Programs to use for editing

There are lots of IDE's (Integrated Development Environments). And many of these are well featured, but I generally enjoy working in Notepad++.

It has some nice built-in features, however it does not have a specific language selection for HLSL by default. You can download user-created language settings for HLSL but its really not much better than just using the C++ language definition that comes with Notepad++.


Visual studio has some fantastic features, including autocomplete, references, project management, ect. And it is a preffered IDE for many programmers and teams. For a more comprehensive breakdown of Visual Studio's features go HERE.

NOTE: If you do use visual studio then make sure to use the dark theme because the bright one will murder your eyes almost as bad as Monodevelop.

Other text editors and IDEs



How does Cryengine handle shaders?

Cryengine uses HLSL and some of its own built in functions and code, It is important to note that HLSL, GLSL, and CG are all syntactically very similar, generally what varies the most is the type() names and the compiler specific preprocessor statements. Basically the backend of the shader programming language.

There are many small differences of course, but you can apply the fundimentals of anything you learn from CG, GLSL, and even OpenSL, so dont be afraid to go through articles and tutorials that are based on those languages.

If your interested in learning more about the differences between the primary languages. You should read THIS. Since CG and GLSL are almost identical, the main differences you should worry about are all between HLSL, and GLSL.

If you are coming from Unity, the first thing you should know is that Cryengine doesn't really have an "in-between" software layer like Unity does ("Shader-Lab"). All of the parameters and samplers are defined outside of the main shader code. Rather than inside of it. Its not a very elegant solution unfortunately, but it works. If you want more detail on how this works in Cryengine. Please visit HERE.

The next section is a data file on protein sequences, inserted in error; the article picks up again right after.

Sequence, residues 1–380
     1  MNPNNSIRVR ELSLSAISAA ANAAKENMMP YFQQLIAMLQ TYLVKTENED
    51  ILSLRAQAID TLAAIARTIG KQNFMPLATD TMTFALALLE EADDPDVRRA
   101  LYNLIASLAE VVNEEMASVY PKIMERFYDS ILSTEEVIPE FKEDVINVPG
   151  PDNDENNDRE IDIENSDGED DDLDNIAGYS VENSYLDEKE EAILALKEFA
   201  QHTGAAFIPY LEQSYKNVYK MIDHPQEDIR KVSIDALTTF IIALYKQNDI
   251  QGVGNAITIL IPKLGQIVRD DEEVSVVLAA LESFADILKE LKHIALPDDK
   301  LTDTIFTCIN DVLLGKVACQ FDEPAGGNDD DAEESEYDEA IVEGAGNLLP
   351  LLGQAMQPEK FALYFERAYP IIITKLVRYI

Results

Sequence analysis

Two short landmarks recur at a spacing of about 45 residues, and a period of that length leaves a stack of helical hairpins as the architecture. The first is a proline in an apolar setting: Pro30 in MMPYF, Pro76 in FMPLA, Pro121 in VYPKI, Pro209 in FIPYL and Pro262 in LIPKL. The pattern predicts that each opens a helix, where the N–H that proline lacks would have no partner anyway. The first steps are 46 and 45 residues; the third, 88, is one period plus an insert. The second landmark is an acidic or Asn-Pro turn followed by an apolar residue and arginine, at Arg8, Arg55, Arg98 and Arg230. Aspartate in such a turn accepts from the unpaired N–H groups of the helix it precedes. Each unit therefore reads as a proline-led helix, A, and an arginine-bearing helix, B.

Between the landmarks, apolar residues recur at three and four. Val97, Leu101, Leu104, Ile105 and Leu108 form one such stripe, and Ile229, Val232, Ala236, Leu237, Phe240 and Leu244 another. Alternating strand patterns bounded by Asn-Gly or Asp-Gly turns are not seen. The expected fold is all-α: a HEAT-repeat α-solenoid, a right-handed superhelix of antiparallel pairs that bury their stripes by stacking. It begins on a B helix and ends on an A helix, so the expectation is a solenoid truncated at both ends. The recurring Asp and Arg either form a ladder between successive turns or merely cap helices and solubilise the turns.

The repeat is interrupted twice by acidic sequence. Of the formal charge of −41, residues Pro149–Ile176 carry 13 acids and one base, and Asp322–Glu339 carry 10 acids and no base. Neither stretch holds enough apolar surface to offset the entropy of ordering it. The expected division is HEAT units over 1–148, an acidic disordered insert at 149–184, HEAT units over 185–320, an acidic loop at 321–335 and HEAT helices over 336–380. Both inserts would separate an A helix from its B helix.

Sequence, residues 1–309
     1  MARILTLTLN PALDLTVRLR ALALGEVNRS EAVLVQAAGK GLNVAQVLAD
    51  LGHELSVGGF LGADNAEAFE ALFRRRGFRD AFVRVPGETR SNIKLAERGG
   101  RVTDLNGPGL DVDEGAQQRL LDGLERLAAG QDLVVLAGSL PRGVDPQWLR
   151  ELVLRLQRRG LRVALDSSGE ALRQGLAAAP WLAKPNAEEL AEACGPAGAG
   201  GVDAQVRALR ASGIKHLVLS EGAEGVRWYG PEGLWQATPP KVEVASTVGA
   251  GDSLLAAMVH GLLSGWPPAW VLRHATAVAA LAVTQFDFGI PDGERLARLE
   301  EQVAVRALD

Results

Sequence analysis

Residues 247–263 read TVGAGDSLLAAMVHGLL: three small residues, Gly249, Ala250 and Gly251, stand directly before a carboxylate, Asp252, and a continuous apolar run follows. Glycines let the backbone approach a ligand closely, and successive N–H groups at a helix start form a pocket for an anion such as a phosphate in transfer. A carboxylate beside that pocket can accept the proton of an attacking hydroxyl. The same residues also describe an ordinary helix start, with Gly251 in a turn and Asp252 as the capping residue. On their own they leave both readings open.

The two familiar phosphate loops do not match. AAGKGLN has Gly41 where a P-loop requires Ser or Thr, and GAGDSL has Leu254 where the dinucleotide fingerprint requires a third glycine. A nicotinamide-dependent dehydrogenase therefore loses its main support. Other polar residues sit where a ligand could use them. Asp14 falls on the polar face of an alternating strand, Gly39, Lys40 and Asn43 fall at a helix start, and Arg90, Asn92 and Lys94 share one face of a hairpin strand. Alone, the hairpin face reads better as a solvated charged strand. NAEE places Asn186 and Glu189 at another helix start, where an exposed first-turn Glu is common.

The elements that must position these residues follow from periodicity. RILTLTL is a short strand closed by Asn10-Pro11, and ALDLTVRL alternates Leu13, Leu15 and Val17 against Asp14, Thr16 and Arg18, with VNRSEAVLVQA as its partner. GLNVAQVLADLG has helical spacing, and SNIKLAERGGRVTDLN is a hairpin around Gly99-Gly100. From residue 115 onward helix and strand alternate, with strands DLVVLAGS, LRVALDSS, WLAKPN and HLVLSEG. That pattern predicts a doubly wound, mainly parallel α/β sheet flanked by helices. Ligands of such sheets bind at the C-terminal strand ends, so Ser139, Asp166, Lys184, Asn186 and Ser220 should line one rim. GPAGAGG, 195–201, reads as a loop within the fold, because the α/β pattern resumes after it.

Where do I start learning shader programming?

Unfortunately there are very few complete solutions to this problem currently, as the learning resources are generally really scattered throughout many engines and few complete tutorials are available.

However there are a few that have really helped me understand the basics and principles behind BRDF's and general shader programming.

A great place to start is this tutorial series with Unity, its a bit on the older side but still a good resource to learn the basics of GLSL, BRDF's, and basic theory:

If you are looking for a really simple introduction to basic principles of writing shader code then this is another good resource:

If you want to get into the nitty gritty of the theory and practice behind the BRDF that drives realtime shaders, and a breakdown of the elements of said BRDF, then this is a fantastic video, as it is explained fairly well.

Navigating this wiki

Right now this wiki is in flux as I figure things out, and figure out how to even use the wiki tools. But right now everything is contained inside of the Shader Reference. That is broken into many catagories, and those catagories will undoubtedly be split up into sub catagories, especially as more content is added.
This is all a learning experience for me, so if you have feedback feel free to get in contact with me using the contact system in the right hand menu. If you wish to help me to populate this wiki then I don't mind sending an invite, just mention it in the contact form. Or email me at moc.liamg|tsitrad3nayr#moc.liamg|tsitrad3nayr. See you around! And I hope this resource helps you achieve amazing things!

Learning the Structure of CryFX

While very heavily work-in-progress, this article should be able to get you started understanding the structure of the CryFX shader core system. It will be updated often, so keep an eye on it:

Structure of Cry FX